Austria has sedimentations of salt, lead, talc, black lead, natural gas, and gypsum. It is the universe? s largest manufacturer of magnesite, and the 4th largest manufacturer of rough oil in Europe. Iron ore comes from sedimentations in the state of Styria. Austria? s coal sedimentations are about wholly lignite. This type of coal is non suited for gas or coke production.
Greenhouse Gas Emissions
( Millions of Metric Tons )
Fuel 1993 1994 1995 1996 1997
Coal 3.097 2.755 3.019 3.339 3.337
Natural Gas 3.734 3.709 4.010 4.308 4.184
Petroleum 9.010 9.096 8.825 8.818 9.250
Entire 15.841 15.560 15.854 16.465 16.771
% Change & # 8211 ; -1.8 % 1.9 % 3.9 % 1.9 %
Slightly smaller than Maine, Austria includes much of the cragged district of the eastern Alps ( about 75 % of the country ) . The state contains many snowfields, glaciers, and snowcapped extremums, the highest being the Grossglockner ( 12,530 ft. ; 3,819 m ) . The Danube is the chief river. Forests and woodlands screen about 39 % of the land. Austria has merely 1 % lasting harvests, and 23 % lasting grazing lands.
As mentioned before, woods cover 39 per centum of the land, and scientific direction one time produced much lumber. But, during World War II, the Germans cut down so many trees that lumber production was greatly reduced. Austria? s woods are an of import beginning of ships? supplies such as pitch, pitch, gum terpentine, and gum rosin. There has been some forest debasement caused by air and dirt pollution ; soil pollution consequences from the usage of agricultural chemicals ; air pollution consequences from emanations by coal- and oil-fired power Stationss and industrial workss and from trucks pass throughing Austria between northern and southern Europe.
Austria is one of the most of import beginnings of hydroelectric power in Europe. Its entire electric power production, from all beginnings, sums to more than 18,440,000,000 kilowatt-hours a twelvemonth.
Austria? s clime is temperate ; Continental, cloudy ; cold winters with frequent rain in Lowlandss and snow in mountains ; cool summers with occasional showers
Austria has a well-developed market economic system with a high criterion of life. As a member of the European Monetary Union ( EMU ) , Austria? s economic system is closely integrated with other EU member states, particularly with Germany. Austria? s rank in the EU has drawn an inflow of foreign investors attracted by Austria? s entree to the individual European market. Through denationalization attempts, the 1996-98 budget consolidation plans, and asceticism steps, Austria brought its entire public sector shortage down to 2.5 % of GDP required by the EU? s Maastricht standards. Cuts chiefly affect the civil service and Austria? s generous societal system, the two major causes of the authorities shortage. To run into increased competition from both EU and Central European states, Austria will necessitate to stress knowledge-based sectors of the economic system and deregulate the service sector, peculiarly telecommunications and energy.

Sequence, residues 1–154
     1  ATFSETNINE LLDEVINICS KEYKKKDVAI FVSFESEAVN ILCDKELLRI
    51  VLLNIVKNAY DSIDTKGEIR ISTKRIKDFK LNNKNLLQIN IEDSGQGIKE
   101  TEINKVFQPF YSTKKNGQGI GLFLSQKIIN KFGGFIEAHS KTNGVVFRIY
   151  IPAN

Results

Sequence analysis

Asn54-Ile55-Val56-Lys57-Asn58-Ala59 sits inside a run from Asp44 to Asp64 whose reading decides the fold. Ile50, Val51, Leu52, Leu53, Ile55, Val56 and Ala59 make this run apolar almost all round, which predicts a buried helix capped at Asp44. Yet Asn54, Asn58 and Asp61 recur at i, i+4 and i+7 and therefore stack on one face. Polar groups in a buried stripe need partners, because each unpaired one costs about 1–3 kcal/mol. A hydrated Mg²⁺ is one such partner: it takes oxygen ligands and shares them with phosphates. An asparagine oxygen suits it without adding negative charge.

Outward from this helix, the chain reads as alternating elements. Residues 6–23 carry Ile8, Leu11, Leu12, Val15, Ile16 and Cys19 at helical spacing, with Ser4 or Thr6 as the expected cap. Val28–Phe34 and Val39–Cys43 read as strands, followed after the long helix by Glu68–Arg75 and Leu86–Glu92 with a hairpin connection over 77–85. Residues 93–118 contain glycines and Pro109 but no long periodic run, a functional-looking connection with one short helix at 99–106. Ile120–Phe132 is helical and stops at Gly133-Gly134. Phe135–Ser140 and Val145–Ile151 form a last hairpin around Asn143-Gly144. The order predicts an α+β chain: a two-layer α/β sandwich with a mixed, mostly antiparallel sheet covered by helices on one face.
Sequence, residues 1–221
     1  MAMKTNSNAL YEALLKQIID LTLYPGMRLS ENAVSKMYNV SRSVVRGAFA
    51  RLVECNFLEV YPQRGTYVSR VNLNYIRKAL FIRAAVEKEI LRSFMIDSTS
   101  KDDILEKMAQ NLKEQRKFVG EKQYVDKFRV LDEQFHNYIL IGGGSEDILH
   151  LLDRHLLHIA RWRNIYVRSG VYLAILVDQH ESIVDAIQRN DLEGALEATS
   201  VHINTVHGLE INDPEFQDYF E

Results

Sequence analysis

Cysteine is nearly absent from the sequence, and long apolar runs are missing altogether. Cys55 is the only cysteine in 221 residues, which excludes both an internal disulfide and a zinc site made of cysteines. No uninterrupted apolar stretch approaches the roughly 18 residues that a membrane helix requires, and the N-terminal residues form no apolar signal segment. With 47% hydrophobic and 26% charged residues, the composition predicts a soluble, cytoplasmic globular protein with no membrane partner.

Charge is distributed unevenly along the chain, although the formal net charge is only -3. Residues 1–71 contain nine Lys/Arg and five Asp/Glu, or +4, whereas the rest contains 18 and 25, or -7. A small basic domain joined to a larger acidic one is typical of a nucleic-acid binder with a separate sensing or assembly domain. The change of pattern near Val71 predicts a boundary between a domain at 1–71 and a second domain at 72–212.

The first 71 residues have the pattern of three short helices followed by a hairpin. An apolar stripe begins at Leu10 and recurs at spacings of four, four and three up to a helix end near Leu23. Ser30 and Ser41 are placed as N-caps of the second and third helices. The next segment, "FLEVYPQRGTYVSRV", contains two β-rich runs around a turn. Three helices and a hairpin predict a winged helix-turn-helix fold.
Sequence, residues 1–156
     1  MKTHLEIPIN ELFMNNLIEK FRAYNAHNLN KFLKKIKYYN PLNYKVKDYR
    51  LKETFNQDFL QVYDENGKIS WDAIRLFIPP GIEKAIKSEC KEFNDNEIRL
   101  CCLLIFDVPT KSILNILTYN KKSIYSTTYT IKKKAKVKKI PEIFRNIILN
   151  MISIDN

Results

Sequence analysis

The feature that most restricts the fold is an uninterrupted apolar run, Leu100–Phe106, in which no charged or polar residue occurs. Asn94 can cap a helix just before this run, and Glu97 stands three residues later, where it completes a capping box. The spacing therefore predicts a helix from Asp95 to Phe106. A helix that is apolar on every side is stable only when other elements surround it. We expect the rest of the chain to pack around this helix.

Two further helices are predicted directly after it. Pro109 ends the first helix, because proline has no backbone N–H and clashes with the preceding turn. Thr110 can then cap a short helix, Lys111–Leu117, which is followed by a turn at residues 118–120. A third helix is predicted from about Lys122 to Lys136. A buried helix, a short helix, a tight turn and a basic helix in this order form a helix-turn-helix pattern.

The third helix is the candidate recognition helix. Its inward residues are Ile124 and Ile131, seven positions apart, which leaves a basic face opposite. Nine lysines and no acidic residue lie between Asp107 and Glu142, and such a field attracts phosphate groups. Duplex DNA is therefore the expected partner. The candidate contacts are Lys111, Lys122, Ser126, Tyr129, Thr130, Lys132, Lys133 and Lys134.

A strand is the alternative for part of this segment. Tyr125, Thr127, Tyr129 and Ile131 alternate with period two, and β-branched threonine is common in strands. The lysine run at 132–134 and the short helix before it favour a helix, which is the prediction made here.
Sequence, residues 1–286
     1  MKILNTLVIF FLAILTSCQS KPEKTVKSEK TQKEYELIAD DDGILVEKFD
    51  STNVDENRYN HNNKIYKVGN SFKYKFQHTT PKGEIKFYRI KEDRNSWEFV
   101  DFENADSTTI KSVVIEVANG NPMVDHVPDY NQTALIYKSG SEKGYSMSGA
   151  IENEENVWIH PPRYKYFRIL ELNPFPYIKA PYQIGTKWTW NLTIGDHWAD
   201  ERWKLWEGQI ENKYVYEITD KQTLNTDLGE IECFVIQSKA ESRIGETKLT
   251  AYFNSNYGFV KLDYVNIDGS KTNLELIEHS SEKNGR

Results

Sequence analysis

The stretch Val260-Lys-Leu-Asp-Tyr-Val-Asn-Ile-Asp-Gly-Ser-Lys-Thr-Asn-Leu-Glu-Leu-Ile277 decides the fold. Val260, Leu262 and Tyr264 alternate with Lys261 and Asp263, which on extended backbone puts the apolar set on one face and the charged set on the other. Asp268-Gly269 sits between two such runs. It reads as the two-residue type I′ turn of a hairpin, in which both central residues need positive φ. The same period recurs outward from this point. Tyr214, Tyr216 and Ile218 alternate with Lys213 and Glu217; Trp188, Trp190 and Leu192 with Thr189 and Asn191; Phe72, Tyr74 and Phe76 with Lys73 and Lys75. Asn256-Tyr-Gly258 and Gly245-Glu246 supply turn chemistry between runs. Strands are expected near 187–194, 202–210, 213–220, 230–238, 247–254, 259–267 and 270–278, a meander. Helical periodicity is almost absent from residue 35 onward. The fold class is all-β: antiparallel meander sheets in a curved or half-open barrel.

Agribusiness. The agribusiness sector in Austria contributes 3.0 % of the GDP and employs an estimated 0.7 % of labour, as stated in the GDP/Employment by Sector of Origin tabular array. The cardinal primary nutrient harvests produced are barley, maize, murphies, soya beans, sugar Beta vulgariss and wheat. The primary meat merchandises are porc, beef, poulet, Meleagris gallopavo and lamb. The largest ( in value footings ) agricultural exports in 1998 were non-alcoholic drinks, cocoa merchandises, beef, pastry and prepared fruit. The entire value of agricultural imports in 1998 was $ 4,560.8 million.
Agriculture/Food: Production of Primary Crops
( Metric Tons )
Merchandise 1994 1995 1996 1997 1998
BARLEY 1,184,350 1,065,188 1,082,800 1,257,800 1,211,600
MAIZE 1,420,640 1,473,662 1,735,568 1,841,681 1,573,000
POTATOES 593,720 724,426 768,873 676,872 663,000
Soies 104,946 31,121 26,763 33,000 43,400
SUGAR BEETS 2,560,580 2,885,807 3,131,307 3,011,921 2,930,000
WHEAT 1,255,120 1,301,310 1,239,723 1,352,281 1,341,800
Entire PRODUCTION 7,119,356 7,481,514 7,985,034 8,173,555 7,762,800
GROWTH RATE ( % ) & # 8211 ; 5.1 % 6.7 % 2.4 % -5.0 %
Real GDP Per Capita
1994 1995 1996 1997 1998
( Millions of 1990 $ US ) 137,379 139,701 142,467 146,057 150,804
( Millions-Mid Year Average ) 8.060 8.100 8.130 8.130 8.130
Real GDP Per Capita
( 1990 $ US Per Capita ) 17,046 17,244 17,531 17,960 18,541
Gross Domestic Product
( Millions of 1990 $ ) Population
( Millions ) GDP Per Capita
( 1990 $ )
Country Rank 1997
GDP Rank 1997
Population Rank 1997 GDP
Austria 32 150,804 82 8.130 20 18,541